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Pain Of Salvation
Remedy Lane
March 2002
Released: 2002, InsideOut Music
Rating: 4.7/5
Reviewer: CrashTest

ENTROPIA was good, ONE HOUR BY THE CONCRETE LAKE was very good and THE PERFECT ELEMENT was excellent. This begs the question then ... what do Daniel Gildenlöw and company have to offer the world on their fourth venture? Well, I’m not ready to call this one groundbreaking yet, but it does kick some serious ass!

I stated in my review of THE PERFECT ELEMENT that frontman Daniel Gildenlöw is a man of extraordinary talent. His voice can capture and convey a spectrum of emotions, which is an element many prog bands seem to lose sight of in the quest for technical wizardry. Yet his voice is only a portion of the abundant talent he possesses. Gildenlöw played rhythm guitar on REMEDY LANE, as well as writing all the lyrics and almost all of the music. In addition, he did all of the excellent artwork and most of the photography found on the cover and throughout the booklet. Further attention to the liner notes reveals that he wrote some of the music in 1987, which would have made him about 14 years old! Simply amazing.

It’s really about the music though and this album doesn’t disappoint. Songs like "Ending Theme", "A Trace of Blood" and "Rope Ends" lay a strong foundation for what becomes the highlight of the disc, the epic final track "Beyond the Pale", which is a track I find even more intense each time I listen to it. Truly a great way to end an album. In addition to being an album full of great music, REMEDY LANE is a concept piece, making this the fourth time the band has gone the story-telling route. I won’t get into the details of the story because I’m still trying to figure them out myself. However, knowing that REMEDY LANE was written during a time when Gildenlöw was dealing with personal marital issues, it’s perfectly understandable that those circumstances led to some pretty dark, emotionally-charged music dealing with relationships. Though there are moments when the story gets a little bizarre in the telling (like when a woman hangs herself in the bathroom with her husband’s Winnie the Pooh tie in "Rope Ends"), I chalk such moments up as an overzealous attempt to be artsy and move on.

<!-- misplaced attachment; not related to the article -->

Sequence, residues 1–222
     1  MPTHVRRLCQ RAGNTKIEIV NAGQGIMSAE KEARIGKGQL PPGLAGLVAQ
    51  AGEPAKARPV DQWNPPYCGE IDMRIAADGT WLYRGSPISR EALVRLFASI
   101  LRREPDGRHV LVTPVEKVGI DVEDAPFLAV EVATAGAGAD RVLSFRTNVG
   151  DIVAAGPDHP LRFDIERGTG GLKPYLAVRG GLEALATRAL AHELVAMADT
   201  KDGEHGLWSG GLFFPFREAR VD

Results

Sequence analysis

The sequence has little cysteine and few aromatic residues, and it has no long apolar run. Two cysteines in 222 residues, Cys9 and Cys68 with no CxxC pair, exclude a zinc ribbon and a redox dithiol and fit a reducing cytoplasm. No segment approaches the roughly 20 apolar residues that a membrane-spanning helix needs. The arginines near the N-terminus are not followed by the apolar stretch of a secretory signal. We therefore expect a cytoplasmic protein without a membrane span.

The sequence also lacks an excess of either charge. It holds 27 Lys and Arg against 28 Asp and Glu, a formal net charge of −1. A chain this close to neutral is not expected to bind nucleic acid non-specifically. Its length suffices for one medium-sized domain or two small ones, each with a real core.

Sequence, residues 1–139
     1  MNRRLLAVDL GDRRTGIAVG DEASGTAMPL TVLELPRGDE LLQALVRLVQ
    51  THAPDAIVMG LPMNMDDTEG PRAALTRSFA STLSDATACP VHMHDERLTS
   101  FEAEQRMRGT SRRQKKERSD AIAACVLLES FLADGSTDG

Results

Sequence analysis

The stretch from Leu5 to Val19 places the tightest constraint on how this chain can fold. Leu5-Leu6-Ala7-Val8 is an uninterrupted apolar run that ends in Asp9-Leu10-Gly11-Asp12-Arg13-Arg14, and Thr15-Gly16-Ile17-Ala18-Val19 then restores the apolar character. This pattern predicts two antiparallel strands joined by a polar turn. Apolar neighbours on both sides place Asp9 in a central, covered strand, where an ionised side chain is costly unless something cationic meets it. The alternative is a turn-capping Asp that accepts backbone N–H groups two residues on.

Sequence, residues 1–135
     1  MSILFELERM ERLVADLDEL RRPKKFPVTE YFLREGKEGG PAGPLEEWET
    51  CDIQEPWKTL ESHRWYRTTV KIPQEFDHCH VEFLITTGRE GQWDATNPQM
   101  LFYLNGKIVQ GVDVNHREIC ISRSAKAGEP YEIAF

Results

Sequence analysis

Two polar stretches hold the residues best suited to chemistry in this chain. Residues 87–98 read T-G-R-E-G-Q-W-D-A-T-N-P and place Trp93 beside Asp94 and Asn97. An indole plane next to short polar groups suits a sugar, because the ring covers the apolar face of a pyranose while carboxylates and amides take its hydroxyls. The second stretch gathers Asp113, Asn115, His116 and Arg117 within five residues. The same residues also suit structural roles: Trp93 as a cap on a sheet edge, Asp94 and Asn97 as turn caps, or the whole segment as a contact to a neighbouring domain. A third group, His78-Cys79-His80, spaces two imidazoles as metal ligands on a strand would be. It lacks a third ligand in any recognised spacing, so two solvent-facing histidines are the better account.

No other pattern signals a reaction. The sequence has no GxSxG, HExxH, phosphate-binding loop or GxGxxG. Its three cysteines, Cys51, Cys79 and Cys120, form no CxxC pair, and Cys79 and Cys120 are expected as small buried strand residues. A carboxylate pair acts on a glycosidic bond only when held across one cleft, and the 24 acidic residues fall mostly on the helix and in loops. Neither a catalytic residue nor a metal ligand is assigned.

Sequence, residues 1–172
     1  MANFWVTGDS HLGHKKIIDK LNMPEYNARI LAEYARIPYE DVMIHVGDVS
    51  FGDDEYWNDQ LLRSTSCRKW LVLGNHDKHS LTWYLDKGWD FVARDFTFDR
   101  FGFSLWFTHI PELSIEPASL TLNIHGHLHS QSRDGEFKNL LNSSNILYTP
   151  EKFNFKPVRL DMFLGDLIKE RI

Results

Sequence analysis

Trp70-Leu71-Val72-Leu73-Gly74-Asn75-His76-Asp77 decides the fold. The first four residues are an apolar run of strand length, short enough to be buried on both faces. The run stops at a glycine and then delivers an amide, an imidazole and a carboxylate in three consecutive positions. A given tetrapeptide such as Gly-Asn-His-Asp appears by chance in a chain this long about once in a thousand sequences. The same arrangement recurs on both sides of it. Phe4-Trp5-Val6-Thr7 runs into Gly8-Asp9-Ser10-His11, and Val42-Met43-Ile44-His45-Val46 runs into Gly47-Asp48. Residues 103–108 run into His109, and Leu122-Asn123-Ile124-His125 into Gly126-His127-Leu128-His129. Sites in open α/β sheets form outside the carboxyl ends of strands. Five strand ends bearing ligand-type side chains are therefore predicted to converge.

In the end, I find myself ready to hand the prog metal crown over to these guys. Frankly, Pain of Salvation have no peers. And while I’ll admit I haven’t heard the new Dream Theater album (and I’m in no real hurry to), I’ll be pleasantly surprised if another prog metal album comes out in 2002 that can compete with REMEDY LANE. Hell, it will take alot to find any album in any genre for that matter. REMEDY LANE is that good. If any of you sinners have put off checking out this band, it’s not too late to repent. Salvation can still be yours. Just get your shit together, empty all the money from your loose change jar into your pocket, and then run down to the store to buy this CD.

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Track Listing






Other reviews

» The Perfect Element: Part I
by CrashTest

» The Perfect Element: Part I
by Rick

» Remedy Lane
by JP

» Remedy Lane
by CrashTest

» 12:5
by Waspman

» BE
by CrashTest

» In The Passing Light Of Day
by Carla (Guest reviewer Denmark/Romania)

Next review: » Pain Of Salvation - The Perfect Element: Part I
Previous review: » Pain Of Salvation - Remedy Lane

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